Benoit is still the kind of place, though, where you might have a gracious and unexpected surprise during dinner. The beautiful woman from Manila sitting next to us with her American husband insisted we try some of her luscious poule au pot, because she couldn’t finish it but must have been sporadically listening to our frenetic chatter about good French food, and when asked, the waiter didn’t blanche. After barely being able to finish the beef Wellington, it was stretch to eat anything more, but this bird was beautiful and the pool of bouillon it rested in was rich, restorative and earthy.
And then we finished up with an exquisitely made strawberry Charlotte, and a flirtatious little plate of chocolate-sauced napped profiteroles, which came to the table because the waiter liked us and wanted to please and provoke in equal measure. Our whole meal tasted of the food which made us decide to live our lives in Paris a longtime ago, but it was also fresher and more vivid than any of those remembered dishes of yore. This is where Ducasse, and acting chef Fabienne Eymard, have so admirably succeed, since there’s a very good possibility that the bistro cooking served here is even better today than it was when the Petits owned it. Memory is slippery by definition, but taste very rarely lies, because it’s so primal: Benoit is still a very good bistro.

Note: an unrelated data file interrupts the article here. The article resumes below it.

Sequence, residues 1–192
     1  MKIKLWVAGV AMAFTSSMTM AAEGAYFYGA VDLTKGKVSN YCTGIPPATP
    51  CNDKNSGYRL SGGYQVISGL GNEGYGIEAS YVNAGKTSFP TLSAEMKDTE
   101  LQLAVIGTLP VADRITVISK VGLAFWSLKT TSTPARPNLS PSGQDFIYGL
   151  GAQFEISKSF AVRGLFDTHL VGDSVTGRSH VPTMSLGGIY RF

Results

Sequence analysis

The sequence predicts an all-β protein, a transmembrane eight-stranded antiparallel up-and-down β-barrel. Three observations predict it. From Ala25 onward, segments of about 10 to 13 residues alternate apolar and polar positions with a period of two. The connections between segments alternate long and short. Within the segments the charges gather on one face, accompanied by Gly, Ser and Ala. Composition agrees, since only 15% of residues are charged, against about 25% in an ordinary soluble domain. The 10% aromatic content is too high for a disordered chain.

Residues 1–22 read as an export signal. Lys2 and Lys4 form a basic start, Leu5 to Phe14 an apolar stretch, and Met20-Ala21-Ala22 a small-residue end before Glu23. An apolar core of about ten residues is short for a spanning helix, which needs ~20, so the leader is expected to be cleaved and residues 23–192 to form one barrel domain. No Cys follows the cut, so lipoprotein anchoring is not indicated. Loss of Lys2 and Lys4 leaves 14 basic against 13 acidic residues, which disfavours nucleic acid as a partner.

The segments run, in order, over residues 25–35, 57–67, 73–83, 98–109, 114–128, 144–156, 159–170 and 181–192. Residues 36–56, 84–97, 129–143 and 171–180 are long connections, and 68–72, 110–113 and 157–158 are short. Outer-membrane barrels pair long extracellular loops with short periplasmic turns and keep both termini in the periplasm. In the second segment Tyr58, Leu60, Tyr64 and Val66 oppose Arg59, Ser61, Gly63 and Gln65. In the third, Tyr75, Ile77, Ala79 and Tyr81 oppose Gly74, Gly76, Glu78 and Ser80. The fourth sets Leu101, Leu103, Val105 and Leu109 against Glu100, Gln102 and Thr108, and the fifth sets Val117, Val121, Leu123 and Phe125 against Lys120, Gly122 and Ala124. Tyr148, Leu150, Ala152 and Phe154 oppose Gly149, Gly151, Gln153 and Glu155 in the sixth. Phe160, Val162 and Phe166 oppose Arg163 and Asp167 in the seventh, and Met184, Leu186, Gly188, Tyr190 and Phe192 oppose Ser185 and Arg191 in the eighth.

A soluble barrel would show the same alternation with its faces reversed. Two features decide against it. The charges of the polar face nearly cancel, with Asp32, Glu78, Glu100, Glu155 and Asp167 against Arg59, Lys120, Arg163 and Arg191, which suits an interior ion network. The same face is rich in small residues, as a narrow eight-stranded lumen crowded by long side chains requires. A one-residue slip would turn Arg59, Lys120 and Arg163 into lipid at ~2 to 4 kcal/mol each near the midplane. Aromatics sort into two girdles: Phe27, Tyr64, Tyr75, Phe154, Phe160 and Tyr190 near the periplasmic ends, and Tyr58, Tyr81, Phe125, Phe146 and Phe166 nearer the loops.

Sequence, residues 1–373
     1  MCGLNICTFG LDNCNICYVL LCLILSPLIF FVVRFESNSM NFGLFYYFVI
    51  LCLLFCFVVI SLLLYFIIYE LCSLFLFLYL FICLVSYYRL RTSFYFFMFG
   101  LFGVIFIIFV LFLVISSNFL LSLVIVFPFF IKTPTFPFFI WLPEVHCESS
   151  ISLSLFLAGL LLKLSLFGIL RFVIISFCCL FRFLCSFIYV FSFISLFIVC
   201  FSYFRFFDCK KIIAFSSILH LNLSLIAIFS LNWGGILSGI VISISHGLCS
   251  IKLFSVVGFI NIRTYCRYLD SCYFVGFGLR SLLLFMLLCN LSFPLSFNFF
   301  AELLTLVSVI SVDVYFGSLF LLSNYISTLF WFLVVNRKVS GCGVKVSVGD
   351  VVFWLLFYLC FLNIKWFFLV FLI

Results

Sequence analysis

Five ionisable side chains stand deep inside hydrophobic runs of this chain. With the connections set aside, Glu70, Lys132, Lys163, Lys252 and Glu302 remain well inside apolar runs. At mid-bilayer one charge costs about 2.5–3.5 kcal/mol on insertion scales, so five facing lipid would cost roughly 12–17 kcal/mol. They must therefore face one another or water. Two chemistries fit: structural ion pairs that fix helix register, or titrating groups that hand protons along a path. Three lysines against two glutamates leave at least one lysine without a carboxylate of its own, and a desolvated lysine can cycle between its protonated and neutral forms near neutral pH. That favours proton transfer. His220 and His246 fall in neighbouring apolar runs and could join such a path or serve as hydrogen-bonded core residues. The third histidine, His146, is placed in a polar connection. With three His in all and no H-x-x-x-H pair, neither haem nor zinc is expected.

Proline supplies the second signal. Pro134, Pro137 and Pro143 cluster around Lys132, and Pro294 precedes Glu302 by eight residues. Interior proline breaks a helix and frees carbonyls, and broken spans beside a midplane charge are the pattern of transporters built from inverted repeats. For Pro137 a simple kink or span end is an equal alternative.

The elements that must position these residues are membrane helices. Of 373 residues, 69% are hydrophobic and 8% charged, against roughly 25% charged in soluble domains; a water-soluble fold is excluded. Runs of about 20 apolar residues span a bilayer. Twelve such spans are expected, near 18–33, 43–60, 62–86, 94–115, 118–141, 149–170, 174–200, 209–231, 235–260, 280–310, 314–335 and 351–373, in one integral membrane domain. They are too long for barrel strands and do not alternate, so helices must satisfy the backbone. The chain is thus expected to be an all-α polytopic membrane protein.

20 rue Saint Martin, 4th Arrondissement, Paris, Tel. (33) 01-58-00-22-05. Metro: Chatelet or Hotel de Ville. Open daily for lunch and dinner. Lunch menu 39 Euros, Average a la carte dinner 85 Euros. www.benoit-paris.com
Alexander Lobrano grew up in Connecticut, and lived in Boston, New York and London before moving to Paris, his home today, in 1986. He has written about food and travel for The New York Times, the Wall Street Journal, The Guardian, Bon Appetit, Food & Wine, Saveur, Travel & Leisure and Conde Nast Traveler. He is the author of Hungry for Paris: The Ultimate Guide to the City’s 109 Best Restaurants (Random House), which was published in a second edition in 2014, and is a Contributing Editor at Saveur Magazine. His latest book, Hungry for France, was published by Rizzoli in April 2014. Visit his website, www.alexanderlobrano.com (Photo by Steven Rothfeld)